How to Be a Good Camping Cook

How to Be a Good Camping Cook
Camping out can be a challenge for the cook who is unprepared for roughing it outdoors. Being a good camping cook requires more than just basic cooking skills. You need to be able to adapt to cooking away from the conveniences of modern appliances, know how to keep camp food clean and sanitary, and, above all, you must be adaptable. With a little prep and a few good tools, a good camp cook can whip up a hardy meal without resorting to cold cuts and hot dogs.


Difficulty: Moderately Easy

Things You’ll Need:
  • Cooking gear
  • Camp stove
  • Cooler
  • Ice
  • Water-tight box
  • Bungee cords
  • Vinyl picnic cloth
  • Wash basin
  • Dish soap
  • Towels
  • Disinfectant
  • Trash bags
Step 1
Plan a menu that is flexible and realistic. Consider the other activities that will be going on at camp. Will there be an early morning hike or float trip--evening campfire gatherings? Make sure that you'll have enough time to prepare and clean up after each meal,including time to light a fire if cooking over charcoal. You may want to pack extra sandwich fixings in case of rain, spontaneous camp activities that cut into meal prep time or just in case the cook gets tired.
Step 2
Test menu items at home. Camp isn't the best place to experiment with food, especially when there are hungry campers depending on you. New camp menus can be tested on a charcoal BBQ to see how they will work in the field. Remember that fires do not provide the same consistent heat as a stove. If you're packing a propane camp stove, you won't need to worry about your heat source, but do make sure that you can prepare your meals with just two burners.
Step 3
Pack the right gear. After putting together a camp menu, check each meal to see what gear will be needed to prepare the meal. Make a list and check off each item when packing cooking gear. Nothing will make a camp cook more unhappy than realizing he didn't pack a required skillet, set of tongs or other equipment.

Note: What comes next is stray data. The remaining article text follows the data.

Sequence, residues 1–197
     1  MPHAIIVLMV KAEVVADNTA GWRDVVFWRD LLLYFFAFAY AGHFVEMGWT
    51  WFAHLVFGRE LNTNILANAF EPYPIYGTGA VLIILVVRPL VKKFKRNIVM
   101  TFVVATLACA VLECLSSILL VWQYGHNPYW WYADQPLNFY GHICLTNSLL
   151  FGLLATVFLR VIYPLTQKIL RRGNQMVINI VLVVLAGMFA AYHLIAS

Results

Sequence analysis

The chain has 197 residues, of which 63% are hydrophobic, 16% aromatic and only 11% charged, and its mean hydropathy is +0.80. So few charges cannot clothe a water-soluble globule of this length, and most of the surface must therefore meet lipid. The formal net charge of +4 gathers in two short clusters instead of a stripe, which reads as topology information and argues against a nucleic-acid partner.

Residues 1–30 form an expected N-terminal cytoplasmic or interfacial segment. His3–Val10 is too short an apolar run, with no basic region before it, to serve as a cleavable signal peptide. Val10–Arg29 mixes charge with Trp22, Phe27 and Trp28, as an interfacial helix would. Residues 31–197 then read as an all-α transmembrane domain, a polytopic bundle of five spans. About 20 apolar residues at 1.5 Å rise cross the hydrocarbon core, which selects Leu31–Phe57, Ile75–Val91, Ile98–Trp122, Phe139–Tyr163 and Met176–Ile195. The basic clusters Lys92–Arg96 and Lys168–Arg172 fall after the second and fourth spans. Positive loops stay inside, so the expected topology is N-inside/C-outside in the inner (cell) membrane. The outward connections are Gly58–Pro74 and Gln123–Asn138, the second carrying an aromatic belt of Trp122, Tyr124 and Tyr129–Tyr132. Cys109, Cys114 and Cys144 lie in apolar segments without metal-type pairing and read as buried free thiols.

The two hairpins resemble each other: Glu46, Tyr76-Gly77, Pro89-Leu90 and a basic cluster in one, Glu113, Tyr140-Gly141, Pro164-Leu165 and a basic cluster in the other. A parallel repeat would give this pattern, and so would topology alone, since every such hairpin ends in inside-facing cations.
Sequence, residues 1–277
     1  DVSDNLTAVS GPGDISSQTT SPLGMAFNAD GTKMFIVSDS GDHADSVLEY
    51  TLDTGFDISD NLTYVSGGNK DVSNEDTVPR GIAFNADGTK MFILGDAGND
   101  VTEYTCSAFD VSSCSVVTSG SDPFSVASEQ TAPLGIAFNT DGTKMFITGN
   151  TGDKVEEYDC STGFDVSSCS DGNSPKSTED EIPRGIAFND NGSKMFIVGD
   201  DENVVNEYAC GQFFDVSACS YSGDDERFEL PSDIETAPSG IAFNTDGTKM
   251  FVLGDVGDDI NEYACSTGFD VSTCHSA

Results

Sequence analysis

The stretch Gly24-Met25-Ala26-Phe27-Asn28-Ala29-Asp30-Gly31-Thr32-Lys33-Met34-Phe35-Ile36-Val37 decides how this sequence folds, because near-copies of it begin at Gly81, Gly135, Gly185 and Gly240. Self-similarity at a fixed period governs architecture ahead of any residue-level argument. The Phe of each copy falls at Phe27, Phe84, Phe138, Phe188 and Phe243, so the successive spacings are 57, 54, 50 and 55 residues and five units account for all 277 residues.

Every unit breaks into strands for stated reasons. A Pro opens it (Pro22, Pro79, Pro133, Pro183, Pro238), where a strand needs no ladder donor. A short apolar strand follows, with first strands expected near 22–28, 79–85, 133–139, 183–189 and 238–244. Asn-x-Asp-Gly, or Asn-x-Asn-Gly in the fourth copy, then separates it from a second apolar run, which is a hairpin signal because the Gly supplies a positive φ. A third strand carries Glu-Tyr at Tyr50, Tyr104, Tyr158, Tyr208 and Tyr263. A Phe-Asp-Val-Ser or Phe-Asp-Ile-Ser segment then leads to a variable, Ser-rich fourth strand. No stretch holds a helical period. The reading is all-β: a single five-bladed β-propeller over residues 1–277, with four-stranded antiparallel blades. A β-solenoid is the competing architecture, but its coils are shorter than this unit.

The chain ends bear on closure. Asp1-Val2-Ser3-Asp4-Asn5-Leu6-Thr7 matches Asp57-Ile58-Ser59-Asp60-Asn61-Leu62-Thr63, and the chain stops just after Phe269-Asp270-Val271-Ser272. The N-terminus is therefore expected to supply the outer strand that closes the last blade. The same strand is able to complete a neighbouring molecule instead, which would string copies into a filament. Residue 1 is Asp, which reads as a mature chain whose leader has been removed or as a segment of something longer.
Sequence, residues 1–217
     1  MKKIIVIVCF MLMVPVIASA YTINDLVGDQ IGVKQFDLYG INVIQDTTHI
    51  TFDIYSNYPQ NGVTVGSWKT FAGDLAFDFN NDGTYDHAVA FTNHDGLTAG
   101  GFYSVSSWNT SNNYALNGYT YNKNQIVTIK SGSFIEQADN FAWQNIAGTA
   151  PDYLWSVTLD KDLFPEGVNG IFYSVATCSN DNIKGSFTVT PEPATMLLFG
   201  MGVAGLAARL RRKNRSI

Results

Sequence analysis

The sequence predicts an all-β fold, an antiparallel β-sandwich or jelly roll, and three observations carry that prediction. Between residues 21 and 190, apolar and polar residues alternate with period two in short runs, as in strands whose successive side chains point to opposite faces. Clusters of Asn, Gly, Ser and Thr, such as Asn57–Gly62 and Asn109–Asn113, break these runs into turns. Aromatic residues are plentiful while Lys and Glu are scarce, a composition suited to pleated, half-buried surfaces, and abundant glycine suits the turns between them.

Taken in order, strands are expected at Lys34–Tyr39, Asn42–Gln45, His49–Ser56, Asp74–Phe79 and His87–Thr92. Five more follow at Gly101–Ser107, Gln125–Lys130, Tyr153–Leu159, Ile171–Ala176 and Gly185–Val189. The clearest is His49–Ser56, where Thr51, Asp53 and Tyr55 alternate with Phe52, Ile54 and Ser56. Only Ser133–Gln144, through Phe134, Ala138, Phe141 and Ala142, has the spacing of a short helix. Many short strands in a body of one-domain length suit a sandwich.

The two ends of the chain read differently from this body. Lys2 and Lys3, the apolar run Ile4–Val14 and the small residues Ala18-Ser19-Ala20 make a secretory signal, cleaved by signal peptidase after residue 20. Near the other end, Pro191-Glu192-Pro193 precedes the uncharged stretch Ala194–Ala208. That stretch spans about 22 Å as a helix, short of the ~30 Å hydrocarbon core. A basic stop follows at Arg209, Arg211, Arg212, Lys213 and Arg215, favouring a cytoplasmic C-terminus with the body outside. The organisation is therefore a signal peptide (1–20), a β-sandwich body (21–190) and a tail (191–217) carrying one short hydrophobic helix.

Step 4
Pack plenty of ice to keep the cooler cold. Bring money to purchase more ice if the camping trip will last more than a weekend. Plan the menu, so food that needs careful temperature control, like milk or raw meat, is eaten first.
Step 5
Pack food that does not require refrigeration in a water-tight box to protect it from rain, damp air and bugs. Wrap the box with bungee cords to prevent raccoons from getting it or store the box overnight in a locked car.
Step 6
Cook some foods ahead of time to cut down on meal prep at camp and to decrease the risk of serving undercooked meat. Consider precooking ground beef or chicken at home for a foil-pack dinner or pot of chili. Or if you don't want to spend time at home precooking food, you could buy heat-and-serve bacon or sausage links to get a hearty camp breakfast served in a fraction of the time.
Step 7
Pack cleaning gear for a safe camp kitchen. Spread a vinyl picnic cloth over a picnic bench to provide a clean work surface. Bring at least two wash tubs to clean dishes--one for hot soapy water and one for rinse water. Use towels and disinfectant spray to clean up the cook site after meal prep. Bring small trash bags to collect kitchen waste while cooking.

Article Written By Denise Bertacchi

Denise Bertacchi is a freelance writer with a degree in journalism from Southeast Missouri State University. She is a St. Louis suburbanite who has written for the St. Louis Post-Dispatch, Boys' Life, Wisconsin Trails, and Missouri Life.

Don't Miss a Thing!

All our latest outdoor content delivered to your inbox once a week.



We promise to keep your email address safe and secure.